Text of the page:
Editorial: Be safe while using quads

By Andrew Austin

During a visit to the South Island in the Christmas-New Year break, I went for a day to a holiday spot called Marfells Beach, in southern Marlborough.

It is a beautiful place with a lovely beach and a rather pleasant campsite right near the water.

The campsite was full of people and, while it was a little crowded for my liking, people were obviously enjoying themselves.

What concerned me though was the number of young children - and when I say young I am talking about 6-to-10-year-olds - riding quad bikes unsupervised around the campsite and beach.

One little girl, who did not look a day over 6, was driving (and I use the term very loosely) this huge machine, over which she had no control.

On another occasion there were two older boys, but still quite young, competing against each other on quad bikes.

Once again, I made sure I was nowhere near where they were driving because of the lack of control.

There were also some adults driving quad bikes and all the people I saw on a bike had one thing in common - none were wearing helmets.

Quad bikes are great to have at the beach and one does not want to stop people having fun, but a line has to be drawn. Sometimes the pursuit of fun leads to recklessness and recklessness causes accidents.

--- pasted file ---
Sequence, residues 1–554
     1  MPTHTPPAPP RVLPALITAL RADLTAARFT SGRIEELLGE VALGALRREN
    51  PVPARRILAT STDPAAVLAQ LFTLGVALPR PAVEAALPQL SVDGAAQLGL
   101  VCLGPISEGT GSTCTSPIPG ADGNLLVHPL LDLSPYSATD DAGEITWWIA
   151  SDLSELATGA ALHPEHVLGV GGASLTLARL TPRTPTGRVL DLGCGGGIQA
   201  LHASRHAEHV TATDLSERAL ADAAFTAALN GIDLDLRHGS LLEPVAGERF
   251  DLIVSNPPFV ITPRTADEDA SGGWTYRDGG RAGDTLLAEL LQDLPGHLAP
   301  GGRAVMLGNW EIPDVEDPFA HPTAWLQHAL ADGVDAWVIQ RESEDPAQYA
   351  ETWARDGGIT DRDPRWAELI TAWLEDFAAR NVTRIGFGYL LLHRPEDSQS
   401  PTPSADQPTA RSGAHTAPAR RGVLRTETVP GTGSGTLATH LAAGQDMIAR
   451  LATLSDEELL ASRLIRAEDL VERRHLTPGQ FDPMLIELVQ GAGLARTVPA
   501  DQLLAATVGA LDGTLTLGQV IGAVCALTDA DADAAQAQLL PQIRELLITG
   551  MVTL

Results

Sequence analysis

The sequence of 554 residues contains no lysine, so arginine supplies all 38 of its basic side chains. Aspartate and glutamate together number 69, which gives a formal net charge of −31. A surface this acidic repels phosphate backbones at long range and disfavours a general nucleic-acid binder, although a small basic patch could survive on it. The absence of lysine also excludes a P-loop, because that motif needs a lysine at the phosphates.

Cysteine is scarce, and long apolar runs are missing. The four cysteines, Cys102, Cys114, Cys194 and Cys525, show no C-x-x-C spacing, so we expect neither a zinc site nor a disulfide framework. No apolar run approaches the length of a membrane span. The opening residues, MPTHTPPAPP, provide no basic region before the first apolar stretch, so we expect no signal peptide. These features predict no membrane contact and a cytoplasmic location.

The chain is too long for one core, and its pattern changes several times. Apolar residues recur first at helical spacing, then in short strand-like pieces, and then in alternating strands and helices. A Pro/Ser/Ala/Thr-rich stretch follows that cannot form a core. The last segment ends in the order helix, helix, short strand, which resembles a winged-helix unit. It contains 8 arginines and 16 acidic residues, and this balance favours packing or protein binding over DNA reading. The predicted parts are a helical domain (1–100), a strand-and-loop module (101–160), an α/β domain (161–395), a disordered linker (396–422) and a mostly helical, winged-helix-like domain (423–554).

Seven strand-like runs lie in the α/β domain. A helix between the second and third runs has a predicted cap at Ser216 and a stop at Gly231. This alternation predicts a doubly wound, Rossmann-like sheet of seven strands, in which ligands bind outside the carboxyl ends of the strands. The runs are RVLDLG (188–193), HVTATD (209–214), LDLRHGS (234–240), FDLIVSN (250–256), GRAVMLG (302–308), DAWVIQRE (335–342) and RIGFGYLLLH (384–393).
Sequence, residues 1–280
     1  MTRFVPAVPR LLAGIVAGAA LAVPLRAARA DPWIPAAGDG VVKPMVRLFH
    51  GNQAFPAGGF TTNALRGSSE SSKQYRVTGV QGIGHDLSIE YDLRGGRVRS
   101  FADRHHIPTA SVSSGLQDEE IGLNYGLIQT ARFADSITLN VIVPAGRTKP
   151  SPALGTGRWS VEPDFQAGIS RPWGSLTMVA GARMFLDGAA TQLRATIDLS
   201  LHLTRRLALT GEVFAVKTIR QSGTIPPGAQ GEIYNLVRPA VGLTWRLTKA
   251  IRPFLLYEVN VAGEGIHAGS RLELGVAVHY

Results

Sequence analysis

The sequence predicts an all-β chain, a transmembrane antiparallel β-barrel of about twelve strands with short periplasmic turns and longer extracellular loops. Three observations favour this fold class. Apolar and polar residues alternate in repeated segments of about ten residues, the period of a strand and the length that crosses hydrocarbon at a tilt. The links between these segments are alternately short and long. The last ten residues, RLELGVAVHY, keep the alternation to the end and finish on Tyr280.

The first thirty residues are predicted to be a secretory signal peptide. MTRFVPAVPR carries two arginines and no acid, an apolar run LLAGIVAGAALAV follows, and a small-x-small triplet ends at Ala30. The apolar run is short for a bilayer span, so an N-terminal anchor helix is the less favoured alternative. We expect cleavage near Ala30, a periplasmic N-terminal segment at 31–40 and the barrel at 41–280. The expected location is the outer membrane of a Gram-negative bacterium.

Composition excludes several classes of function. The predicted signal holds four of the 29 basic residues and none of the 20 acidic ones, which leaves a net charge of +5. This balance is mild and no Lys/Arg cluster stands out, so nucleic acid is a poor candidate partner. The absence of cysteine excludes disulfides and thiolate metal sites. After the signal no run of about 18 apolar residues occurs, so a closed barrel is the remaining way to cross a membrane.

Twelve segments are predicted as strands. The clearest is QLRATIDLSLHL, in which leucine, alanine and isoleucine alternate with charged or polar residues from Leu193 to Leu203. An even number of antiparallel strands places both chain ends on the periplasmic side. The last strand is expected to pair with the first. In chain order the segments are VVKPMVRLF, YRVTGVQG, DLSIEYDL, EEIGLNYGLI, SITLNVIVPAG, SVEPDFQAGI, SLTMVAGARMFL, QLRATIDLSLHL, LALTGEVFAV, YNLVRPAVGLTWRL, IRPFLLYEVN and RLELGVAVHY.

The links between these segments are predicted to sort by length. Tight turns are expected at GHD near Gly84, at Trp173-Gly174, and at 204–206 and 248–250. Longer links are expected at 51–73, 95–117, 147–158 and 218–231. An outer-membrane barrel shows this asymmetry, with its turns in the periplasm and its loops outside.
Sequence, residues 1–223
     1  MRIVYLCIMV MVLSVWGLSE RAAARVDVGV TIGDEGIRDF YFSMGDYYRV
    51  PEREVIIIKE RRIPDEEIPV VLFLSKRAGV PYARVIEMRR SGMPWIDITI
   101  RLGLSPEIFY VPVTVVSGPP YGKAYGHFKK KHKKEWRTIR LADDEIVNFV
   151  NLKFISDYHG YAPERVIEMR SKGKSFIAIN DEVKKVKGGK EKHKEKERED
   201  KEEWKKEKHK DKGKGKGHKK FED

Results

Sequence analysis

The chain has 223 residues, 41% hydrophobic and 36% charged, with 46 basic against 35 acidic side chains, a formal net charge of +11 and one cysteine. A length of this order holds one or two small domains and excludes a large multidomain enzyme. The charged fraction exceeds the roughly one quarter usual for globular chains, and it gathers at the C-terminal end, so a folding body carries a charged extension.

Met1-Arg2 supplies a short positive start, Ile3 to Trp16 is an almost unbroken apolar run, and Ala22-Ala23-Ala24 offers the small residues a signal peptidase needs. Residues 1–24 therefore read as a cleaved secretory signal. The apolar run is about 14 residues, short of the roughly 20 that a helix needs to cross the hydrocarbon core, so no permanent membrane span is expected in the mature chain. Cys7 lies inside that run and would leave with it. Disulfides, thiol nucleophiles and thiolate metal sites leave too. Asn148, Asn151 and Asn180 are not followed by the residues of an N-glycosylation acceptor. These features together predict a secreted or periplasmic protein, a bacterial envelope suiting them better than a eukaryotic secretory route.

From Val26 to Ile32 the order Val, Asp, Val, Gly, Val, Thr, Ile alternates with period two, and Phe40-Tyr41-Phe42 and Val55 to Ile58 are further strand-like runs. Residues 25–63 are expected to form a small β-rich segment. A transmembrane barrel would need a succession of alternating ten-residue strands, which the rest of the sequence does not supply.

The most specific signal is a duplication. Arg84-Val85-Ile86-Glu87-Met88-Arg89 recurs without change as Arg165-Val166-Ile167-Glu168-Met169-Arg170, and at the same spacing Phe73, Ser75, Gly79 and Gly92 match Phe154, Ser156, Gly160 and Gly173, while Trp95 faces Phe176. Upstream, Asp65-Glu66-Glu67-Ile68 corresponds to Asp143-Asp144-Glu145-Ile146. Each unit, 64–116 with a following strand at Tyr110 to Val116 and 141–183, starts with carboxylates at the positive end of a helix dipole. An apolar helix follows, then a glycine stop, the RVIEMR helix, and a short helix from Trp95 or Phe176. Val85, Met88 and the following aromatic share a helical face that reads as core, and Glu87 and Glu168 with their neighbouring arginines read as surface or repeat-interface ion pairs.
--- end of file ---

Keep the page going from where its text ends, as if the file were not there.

The issue of quad bike safety is a hot topic at the moment, with the quad bike accident on Waimarama beach last week still making headlines.

Four adults and 6-year-old Ashlee Shorrock were on a quad bike when it crashed down a ditch on Okaihua Rd, near Waimarama Beach, shortly before midnight on Wednesday.

Ashlee was taken to Starship Children's Hospital in a critical condition on Thursday but is now stable in intensive care.

She has five broken ribs, a broken arm, broken collar bone and has been in an induced coma.

A 20-year-old man is in a stable condition, while Ashlee's step-mother, Stephanie Lucas, and a 28-year-old man have been discharged from hospital.

Ms Lucas says the men had been drinking but denies she was intoxicated and says she can't remember who was driving.

Police are investigating the role of alcohol in the accident and have confirmed they took blood from all four adults on the night. Charges could be laid.

There are many claims and counter-claims flying around and the full picture of what happened has not come out yet, but there are a few things that should be noted.

Whichever way you look at it, five people on a quad bike seems to be at least two to many, and allowing a child to be perched on the front of the bike is probably not the wisest decision the adults involved have ever made.

Also going out late at night - with a child - after a few drinks is a regrettable decision.

Every single day around the country, quad bikes are used by responsible people, mainly farmers, without incident.

Once again it seems like a minority brings negative attention to a perfectly safe vehicle if operated correctly.

- Bay of Plenty Times

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